New rules for Muslim ban fan concern over Islamophobia, refugees

'The Muslim ban is a saga and each new development leads to new divisions.' Omar Noureldin, vice-president of the Muslim Public Affairs Council (MPAC)

Shutting-off Muslims. International travellers (reflected in a closed door) arrive on the day that US President Donald Trump’s limited travel ban goes into effect at Logan Airport in Boston, on June 29. (Reuters)


2017/07/02 Issue: 113 Page: 16


The Arab Weekly
Thomas Seibert



Washington - Rights advocates said new rules for US Presi­dent Donald Trump’s controversial plan to ban people from half a dozen Muslim countries from trav­elling to the United States reflect anti-Muslim sentiments that could fan Islamophobic tendencies and make life harder for refugees.

Following a US Supreme Court ruling to reinstate part of Trump’s travel ban after several lower court decisions kept the travel re­strictions from taking effect for months, the administration for­mulated new guidelines, which were immediately attacked by crit­ics.

A pledge to keep people from Muslim countries out of the United States was part of Trump’s popu­list message that swept him to vic­tory in last year’s election. Critics of the administration say Trump is demonising Muslims in general, while the president argues restric­tions are necessary to keep Amer­ica safe.

Omar Noureldin, vice-president of the Muslim Public Affairs Coun­cil (MPAC), an activist group, said the Supreme Court’s decision was likely to reinforce divisions be­tween Muslims and non-Muslims and a “climate of exclusion” in the United States.

“The Muslim ban is a saga and each new development leads to new divisions,” Noureldin said. “Refugees will be the ones that are most affected.”

The Supreme Court said it would look at the Muslim ban in detail in its next term, which begins in Oc­tober, although a decision may not come until next June.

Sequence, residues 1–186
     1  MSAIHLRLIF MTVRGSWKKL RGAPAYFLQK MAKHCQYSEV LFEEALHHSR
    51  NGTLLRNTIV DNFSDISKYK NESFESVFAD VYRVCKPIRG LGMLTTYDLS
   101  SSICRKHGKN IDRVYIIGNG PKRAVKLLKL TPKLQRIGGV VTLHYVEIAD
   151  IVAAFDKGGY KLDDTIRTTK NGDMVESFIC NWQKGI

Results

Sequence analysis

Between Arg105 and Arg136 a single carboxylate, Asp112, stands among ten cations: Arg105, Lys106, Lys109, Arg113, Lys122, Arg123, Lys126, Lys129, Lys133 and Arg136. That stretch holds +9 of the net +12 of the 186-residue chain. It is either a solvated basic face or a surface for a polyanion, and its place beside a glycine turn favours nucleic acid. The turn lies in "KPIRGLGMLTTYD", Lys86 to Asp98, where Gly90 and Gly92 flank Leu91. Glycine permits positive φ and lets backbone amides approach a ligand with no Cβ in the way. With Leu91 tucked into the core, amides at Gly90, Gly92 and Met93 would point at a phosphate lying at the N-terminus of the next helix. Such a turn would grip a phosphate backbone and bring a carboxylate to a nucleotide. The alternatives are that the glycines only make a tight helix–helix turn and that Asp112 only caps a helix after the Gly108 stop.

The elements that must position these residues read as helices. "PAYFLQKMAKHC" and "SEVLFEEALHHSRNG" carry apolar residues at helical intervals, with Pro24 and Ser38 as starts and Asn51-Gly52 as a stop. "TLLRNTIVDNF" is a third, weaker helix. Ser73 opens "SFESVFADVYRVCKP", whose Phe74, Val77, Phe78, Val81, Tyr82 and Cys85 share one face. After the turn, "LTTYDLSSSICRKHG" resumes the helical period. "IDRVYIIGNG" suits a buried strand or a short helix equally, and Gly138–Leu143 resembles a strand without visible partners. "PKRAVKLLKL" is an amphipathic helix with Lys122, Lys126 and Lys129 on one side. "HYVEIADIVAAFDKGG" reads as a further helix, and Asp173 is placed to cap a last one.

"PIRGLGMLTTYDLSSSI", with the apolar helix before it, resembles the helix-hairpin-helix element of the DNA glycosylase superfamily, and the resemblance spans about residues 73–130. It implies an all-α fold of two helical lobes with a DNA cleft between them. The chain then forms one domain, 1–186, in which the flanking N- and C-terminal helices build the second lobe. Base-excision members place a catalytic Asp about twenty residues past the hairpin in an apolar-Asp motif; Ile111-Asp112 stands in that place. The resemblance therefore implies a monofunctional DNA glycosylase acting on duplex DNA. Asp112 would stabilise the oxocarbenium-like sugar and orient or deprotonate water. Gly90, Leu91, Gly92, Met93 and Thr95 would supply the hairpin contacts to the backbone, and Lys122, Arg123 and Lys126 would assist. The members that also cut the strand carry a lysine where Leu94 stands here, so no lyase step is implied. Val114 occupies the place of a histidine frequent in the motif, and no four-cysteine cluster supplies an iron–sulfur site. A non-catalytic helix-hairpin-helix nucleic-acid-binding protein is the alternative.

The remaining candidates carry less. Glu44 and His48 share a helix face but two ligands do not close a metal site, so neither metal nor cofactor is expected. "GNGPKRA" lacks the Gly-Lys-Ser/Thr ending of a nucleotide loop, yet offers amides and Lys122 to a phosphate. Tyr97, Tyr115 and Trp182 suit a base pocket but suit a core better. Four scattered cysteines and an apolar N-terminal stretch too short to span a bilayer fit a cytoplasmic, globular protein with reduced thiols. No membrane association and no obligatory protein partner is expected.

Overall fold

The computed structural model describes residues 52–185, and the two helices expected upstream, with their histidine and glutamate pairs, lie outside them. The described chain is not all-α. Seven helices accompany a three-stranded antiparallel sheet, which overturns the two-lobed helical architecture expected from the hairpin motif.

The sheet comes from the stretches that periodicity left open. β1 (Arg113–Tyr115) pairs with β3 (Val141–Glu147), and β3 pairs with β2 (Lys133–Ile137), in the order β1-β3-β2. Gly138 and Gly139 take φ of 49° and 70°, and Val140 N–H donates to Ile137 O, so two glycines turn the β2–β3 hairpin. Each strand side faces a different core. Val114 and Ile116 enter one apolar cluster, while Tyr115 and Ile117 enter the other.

The court provided criteria for travel applications from people from Iran, Libya, Somalia, Sudan, Syria and Yemen as well as for asy­lum bids by refugees until then. Under the Trump plan, published in March after a first version in January was struck down by the courts, citizens of the six countries would be barred from entering the United States for 90 days unless they already had a valid visa or residence permit. The acceptance of refugees from all over the world would be stopped for 120 days. This second Muslim ban was also cancelled by federal courts.

The Supreme Court said the Trump administration had the right to deny entry to people with­out “bona fide” ties to the United States but applicants with such a connection — relatives living in the United States, a letter of accept­ance by a US university or a job with a US company — could enter the country, the court said.

Three days after the ruling, the administration defined in detail what “bona fide” ties are. Media reports said parents, children, a spouse, siblings or parents-in-law living in the United States could be counted as “bona fide” ties for an applicant. However, grandparents, grandchildren, uncles, aunts, niec­es, nephews, cousins, a fiancé or brothers- and sisters-in-law could not.